It bothers me when folks refer to art classes as ‘specials’ or ‘electives’, because arts credits are not yet required for a high school diploma in all states. The arts are recognized under NCLB as core, academic subjects, and their value in developing students and citizens who possess 21st century skills should not be underestimated. There is more than ample evidence out there of the benefits to students who are exposed to a robust arts program. Students who participate in the arts, and arts learning experiences, tend to be successful in academic and other areas of life.
The arts are inclusive, responsive to multiple intelligences, encouraging of collaboration, creativity, communication, problem-solving, and developing social skills. Furthermore, the arts support academic skills in math and literacy. In fact, studying the arts, and an arts-integrated approach to teaching, encourages all of the 21st century skills that we are called upon to support the development of in our students’ toolbox. This doesn’t even begin to cover the effect of a large scale, whole school, arts-integration approach in terms of attitudes, school climate and motivation to learn. The arts reaches every single student. Based on my own experiences as a teacher and administrator, many of my most at-risk students stayed in school because of the arts.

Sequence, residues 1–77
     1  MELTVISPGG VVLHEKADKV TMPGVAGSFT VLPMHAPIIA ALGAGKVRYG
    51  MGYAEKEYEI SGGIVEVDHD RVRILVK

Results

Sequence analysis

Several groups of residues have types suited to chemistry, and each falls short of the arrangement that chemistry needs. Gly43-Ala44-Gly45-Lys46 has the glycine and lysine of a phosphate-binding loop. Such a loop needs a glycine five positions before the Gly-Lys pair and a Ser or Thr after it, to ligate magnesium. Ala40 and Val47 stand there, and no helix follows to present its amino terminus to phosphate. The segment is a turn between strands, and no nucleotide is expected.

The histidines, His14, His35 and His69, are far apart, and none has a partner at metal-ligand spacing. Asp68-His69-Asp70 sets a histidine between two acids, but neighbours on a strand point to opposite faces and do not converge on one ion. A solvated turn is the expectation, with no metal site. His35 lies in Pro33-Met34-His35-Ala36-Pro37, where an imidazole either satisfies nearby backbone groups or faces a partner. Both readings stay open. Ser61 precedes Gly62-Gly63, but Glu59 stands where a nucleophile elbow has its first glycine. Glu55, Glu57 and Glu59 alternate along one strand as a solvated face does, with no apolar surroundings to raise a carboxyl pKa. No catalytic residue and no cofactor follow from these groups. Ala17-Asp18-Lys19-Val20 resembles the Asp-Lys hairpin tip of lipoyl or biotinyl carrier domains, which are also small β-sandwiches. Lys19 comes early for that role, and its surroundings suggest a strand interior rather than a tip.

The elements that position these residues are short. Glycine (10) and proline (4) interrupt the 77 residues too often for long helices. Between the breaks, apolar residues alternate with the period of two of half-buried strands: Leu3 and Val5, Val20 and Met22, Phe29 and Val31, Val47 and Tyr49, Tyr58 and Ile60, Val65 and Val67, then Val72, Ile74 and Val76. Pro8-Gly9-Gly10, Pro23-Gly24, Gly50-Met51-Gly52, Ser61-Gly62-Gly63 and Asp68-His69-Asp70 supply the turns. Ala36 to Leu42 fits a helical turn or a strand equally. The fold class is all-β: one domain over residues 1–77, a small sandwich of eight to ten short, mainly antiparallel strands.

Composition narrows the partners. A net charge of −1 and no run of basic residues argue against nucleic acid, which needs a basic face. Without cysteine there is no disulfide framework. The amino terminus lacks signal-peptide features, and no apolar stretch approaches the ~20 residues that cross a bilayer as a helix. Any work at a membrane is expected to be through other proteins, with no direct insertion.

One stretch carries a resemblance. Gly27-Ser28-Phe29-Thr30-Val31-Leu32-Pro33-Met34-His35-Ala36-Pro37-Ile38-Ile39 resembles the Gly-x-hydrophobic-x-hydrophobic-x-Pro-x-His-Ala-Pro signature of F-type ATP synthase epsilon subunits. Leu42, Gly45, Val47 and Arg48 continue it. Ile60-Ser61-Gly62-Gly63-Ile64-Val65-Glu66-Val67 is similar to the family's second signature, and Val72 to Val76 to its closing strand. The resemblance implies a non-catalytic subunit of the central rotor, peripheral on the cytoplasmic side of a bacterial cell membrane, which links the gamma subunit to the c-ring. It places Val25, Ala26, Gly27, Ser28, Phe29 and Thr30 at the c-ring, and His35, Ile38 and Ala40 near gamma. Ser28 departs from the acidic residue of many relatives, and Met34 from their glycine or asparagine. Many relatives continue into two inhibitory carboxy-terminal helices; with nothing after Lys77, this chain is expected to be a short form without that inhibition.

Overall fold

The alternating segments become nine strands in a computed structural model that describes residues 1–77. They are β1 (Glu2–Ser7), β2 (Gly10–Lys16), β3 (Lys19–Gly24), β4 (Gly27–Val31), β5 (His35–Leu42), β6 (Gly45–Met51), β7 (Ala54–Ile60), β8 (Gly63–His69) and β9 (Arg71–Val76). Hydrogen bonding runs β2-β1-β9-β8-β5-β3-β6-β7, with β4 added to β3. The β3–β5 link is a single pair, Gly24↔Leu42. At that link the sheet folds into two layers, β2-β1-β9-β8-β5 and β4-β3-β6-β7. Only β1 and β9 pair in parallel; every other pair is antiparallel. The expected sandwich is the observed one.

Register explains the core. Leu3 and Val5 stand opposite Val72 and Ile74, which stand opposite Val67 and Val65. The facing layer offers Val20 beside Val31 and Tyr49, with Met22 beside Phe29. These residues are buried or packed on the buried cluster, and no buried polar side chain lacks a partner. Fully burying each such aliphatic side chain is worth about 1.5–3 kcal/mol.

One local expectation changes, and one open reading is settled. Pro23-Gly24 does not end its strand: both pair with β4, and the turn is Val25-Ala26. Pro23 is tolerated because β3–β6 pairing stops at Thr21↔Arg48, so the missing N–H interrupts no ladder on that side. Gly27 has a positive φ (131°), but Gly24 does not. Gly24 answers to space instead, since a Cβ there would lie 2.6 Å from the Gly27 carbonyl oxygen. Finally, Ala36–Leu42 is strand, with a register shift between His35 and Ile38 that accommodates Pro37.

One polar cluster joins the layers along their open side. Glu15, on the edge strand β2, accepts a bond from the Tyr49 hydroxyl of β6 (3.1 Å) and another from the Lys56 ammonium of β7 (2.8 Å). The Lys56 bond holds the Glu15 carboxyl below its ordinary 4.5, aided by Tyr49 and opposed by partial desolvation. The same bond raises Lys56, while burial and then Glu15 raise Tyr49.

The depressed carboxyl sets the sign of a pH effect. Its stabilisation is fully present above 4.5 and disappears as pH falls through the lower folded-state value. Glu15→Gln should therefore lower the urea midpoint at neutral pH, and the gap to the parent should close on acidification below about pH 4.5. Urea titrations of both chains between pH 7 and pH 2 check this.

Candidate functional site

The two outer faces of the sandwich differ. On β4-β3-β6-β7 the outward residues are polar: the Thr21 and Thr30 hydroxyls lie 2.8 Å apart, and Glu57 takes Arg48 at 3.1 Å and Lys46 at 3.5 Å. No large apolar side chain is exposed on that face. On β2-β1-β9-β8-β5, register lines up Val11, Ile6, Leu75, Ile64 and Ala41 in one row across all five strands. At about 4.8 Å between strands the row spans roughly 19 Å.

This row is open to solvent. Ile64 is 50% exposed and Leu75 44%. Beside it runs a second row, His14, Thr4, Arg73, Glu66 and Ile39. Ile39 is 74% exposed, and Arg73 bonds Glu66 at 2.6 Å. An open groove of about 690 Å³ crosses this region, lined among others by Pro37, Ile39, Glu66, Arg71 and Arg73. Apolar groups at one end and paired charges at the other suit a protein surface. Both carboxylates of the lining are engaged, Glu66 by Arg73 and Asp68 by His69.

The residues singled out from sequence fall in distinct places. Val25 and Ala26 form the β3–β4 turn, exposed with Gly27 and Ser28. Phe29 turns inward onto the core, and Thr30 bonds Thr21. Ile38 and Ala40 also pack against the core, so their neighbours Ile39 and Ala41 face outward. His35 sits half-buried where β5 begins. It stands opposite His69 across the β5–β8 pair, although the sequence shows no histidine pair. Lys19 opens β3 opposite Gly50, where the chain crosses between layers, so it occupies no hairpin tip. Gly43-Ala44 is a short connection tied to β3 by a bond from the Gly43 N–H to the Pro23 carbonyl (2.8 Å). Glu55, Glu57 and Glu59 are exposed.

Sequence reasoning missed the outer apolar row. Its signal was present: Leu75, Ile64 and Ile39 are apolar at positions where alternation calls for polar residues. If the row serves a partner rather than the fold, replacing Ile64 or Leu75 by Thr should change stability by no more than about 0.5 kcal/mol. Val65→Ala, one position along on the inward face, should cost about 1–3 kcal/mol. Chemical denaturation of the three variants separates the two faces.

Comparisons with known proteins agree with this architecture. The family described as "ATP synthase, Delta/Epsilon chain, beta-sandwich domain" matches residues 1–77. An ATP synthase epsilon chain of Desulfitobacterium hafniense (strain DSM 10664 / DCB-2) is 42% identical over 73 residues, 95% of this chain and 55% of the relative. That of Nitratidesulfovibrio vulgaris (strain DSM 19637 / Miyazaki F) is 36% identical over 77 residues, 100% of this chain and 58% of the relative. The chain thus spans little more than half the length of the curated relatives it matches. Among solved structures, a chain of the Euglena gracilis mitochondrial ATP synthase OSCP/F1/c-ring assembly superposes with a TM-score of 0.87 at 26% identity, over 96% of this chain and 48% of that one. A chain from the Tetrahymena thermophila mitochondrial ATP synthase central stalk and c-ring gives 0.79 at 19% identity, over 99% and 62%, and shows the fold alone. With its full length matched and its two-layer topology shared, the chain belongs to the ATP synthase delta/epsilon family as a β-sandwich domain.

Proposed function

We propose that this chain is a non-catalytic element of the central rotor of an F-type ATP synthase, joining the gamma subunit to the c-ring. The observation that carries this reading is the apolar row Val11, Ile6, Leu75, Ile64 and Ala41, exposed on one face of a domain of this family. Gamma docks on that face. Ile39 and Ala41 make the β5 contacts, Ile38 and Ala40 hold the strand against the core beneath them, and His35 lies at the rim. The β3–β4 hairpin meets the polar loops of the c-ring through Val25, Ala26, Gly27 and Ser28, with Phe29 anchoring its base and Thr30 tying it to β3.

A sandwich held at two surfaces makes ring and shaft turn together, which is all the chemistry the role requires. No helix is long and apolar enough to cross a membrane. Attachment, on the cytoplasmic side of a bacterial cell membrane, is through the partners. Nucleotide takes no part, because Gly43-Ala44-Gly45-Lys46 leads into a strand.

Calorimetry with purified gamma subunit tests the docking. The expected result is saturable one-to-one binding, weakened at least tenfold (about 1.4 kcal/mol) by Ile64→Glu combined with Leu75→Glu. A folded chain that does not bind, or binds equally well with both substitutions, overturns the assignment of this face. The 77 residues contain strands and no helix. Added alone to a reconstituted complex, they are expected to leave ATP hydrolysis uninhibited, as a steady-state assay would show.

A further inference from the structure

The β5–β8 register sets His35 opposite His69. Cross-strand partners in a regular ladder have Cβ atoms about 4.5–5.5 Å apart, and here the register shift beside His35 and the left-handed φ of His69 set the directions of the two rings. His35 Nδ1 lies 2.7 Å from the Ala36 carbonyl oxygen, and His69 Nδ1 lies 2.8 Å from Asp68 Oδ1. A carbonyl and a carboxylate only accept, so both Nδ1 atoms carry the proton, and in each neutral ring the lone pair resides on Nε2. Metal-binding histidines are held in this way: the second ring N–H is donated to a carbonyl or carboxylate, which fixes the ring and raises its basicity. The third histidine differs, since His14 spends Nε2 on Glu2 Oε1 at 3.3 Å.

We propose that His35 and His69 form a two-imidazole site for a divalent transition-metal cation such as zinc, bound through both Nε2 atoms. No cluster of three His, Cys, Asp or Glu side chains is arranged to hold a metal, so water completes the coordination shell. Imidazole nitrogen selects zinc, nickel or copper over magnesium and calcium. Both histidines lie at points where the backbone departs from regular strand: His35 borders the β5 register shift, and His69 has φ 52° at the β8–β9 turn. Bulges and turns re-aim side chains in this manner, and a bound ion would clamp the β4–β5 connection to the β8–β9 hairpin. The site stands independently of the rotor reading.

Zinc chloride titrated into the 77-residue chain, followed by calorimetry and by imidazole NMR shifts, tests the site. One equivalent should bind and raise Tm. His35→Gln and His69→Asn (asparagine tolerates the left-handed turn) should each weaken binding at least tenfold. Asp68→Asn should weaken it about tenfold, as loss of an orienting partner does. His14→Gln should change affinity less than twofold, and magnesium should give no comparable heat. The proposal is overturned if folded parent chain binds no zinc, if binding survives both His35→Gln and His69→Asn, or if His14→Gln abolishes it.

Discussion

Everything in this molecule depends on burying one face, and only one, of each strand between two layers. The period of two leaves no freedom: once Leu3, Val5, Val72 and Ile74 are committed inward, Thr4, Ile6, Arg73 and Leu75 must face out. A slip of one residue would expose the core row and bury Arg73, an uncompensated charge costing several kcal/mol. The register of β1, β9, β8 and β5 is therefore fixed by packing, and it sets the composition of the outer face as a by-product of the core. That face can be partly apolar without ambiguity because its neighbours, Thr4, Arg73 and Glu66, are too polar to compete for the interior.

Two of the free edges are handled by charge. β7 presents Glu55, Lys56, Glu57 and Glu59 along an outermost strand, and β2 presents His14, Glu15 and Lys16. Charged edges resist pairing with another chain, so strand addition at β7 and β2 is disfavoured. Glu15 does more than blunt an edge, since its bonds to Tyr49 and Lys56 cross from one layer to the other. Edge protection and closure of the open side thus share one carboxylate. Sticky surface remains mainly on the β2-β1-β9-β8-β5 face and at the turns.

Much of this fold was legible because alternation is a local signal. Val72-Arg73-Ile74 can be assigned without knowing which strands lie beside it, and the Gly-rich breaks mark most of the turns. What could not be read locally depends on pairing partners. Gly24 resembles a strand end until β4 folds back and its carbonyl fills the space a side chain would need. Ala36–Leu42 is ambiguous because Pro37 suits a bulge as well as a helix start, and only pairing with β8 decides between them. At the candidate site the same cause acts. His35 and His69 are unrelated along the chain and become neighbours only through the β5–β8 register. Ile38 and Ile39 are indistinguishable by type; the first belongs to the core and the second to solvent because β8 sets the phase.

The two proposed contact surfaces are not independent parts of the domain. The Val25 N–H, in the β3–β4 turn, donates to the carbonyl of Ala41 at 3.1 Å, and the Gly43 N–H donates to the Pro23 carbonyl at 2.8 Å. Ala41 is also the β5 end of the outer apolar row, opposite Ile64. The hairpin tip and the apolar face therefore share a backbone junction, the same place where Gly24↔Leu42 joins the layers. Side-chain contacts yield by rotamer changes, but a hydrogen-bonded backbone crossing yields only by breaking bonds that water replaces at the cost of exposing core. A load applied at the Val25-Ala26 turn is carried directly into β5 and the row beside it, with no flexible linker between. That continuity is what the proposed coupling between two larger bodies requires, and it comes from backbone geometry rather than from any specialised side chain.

Arts integration, done well, is elegant. It is responsive to, and aligned with, the way we think and learn. It allows for those Gardner’s multiple intelligences to find an entry point and a way to approach the content and master it, be it kinesthetic, auditory, visual, spacial. It is constructivist in nature, that is, a student’s understanding comes through engagement, experience and activity, reflection, and is highly personal. This process is ongoing and always evolving.